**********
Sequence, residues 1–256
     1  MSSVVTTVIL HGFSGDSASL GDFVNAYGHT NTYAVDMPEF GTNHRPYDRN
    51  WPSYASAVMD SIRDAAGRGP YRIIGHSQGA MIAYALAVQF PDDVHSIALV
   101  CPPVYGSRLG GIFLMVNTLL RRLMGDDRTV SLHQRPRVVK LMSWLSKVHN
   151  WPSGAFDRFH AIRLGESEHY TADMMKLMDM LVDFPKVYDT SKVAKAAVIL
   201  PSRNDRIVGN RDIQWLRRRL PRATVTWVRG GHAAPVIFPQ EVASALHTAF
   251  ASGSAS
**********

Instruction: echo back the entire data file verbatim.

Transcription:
Sequence, residues 1–256
     1  MSSVVTTVIL HGFSGDSASL GDFVNAYGHT NTYAVDMPEF GTNHRPYDRN
    51  WPSYASAVMD SIRDAAGRGP YRIIGHSQGA MIAYALAVQF PDDVHSIALV
   101  CPPVYGSRLG GIFLMVNTLL RRLMGDDRTV SLHQRPRVVK LMSWLSKVHN
   151  WPSGAFDRFH AIRLGESEHY TADMMKLMDM LVDFPKVYDT SKVAKAAVIL
   201  PSRNDRIVGN RDIQWLRRRL PRATVTWVRG GHAAPVIFPQ EVASALHTAF
   251  ASGSAS